When Mark Andrews was smashing receiving records at Desert Mountain High (Ariz.), he heard from two groups of strangers.
There were the college recruiters who flattered him with praise about all that he could do athletically. And there were the parents who marveled at all he had overcome medically. Andrews was a Type 1 diabetic, just like their children.
“It was something I had to deal with, and I wanted people to know about, and kind of be an inspiration,” the Ravens rookie tight end said recently. “It's something that big to me.”
At age 9, Andrews was diagnosed with the autoimmune disease, for which there is no cure. In Type 1 diabetes, the immune system erroneously damages the pancreas’ ability to produce insulin. The hormone controls how much glucose, a type of sugar, is passed from the blood into cells for conversion to energy.
About 1.25 million Americans have Type 1 diabetes, according to the American Diabetes Association, and an estimated 40,000 people will be newly diagnosed each year in the United States. Former NFL quarterback Jay Cutler was the league’s most high-profile diabetic, but Andrews is believed to be the NFL’s only current player with the disease.
If that means being the league’s face of Type 1 diabetes, it will be nothing new. From Scottsdale, Ariz., to the University of Oklahoma to Baltimore, he has preached the same message to children once like him: Diabetes doesn’t define you. It’s only a part of you. Don’t let it deter you from your dreams.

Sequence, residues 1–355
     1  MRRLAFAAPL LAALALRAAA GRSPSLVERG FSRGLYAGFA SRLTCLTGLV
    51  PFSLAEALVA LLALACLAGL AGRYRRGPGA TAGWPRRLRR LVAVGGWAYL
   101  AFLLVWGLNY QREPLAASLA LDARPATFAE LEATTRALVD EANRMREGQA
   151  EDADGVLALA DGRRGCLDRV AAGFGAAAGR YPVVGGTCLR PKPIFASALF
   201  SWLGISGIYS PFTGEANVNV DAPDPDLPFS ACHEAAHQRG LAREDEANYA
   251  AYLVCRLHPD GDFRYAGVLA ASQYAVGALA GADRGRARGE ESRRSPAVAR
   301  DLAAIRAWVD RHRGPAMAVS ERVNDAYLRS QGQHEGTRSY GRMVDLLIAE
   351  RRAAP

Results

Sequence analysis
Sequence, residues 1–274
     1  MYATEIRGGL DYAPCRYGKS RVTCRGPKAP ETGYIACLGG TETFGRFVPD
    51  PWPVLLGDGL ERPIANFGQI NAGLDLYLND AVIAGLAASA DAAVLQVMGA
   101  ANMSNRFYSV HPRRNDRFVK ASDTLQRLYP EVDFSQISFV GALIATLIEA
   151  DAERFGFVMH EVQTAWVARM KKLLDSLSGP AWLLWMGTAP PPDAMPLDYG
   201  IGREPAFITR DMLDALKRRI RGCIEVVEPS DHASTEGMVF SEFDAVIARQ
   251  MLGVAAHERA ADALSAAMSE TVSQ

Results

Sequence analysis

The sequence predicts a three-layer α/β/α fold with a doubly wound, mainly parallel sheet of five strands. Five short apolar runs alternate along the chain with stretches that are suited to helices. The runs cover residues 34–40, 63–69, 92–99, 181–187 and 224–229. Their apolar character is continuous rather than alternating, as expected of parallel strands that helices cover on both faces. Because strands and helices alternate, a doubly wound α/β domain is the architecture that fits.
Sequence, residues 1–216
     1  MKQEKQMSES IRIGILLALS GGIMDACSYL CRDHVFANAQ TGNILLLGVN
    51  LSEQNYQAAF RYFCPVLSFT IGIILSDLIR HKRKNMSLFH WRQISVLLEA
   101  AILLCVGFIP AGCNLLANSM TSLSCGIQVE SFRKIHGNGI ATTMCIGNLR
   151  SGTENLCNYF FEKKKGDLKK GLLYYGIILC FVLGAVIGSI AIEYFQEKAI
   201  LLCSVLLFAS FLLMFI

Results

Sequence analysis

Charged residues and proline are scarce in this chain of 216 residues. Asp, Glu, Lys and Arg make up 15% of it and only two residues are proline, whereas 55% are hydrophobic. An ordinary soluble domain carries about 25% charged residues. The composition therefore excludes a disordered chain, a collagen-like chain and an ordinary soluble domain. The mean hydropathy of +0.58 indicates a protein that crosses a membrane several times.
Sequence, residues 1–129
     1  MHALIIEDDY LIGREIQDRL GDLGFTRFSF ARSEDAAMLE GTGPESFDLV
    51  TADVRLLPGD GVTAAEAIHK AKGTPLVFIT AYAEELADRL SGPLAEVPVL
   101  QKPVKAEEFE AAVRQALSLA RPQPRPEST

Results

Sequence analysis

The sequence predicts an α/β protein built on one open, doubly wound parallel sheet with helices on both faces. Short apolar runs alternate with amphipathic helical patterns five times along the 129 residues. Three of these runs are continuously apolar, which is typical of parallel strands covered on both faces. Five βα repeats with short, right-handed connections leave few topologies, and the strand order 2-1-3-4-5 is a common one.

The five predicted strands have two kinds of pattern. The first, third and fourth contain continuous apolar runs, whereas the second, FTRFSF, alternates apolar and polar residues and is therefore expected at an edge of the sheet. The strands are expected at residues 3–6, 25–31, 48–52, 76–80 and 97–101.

The Baltimore Sun spoke with five parents about what it means to have an NFL player offer that hope — and what more they hope he can offer.
Seeking an advocate
Ebby Bennett is a patient-service coordinator for Park Medical Associates in Lutherville. She used to work as a pediatric nurse. She has seen the ravages of disease. She knows its costs.
In late August, the bill on her mind was big. Recently, the cost of her daughter’s insulin pump supplies had come out to $467, she said, about the price of a club-level Ravens ticket.
“It's constant,” she said of the financial burden. “And I've got good insurance.”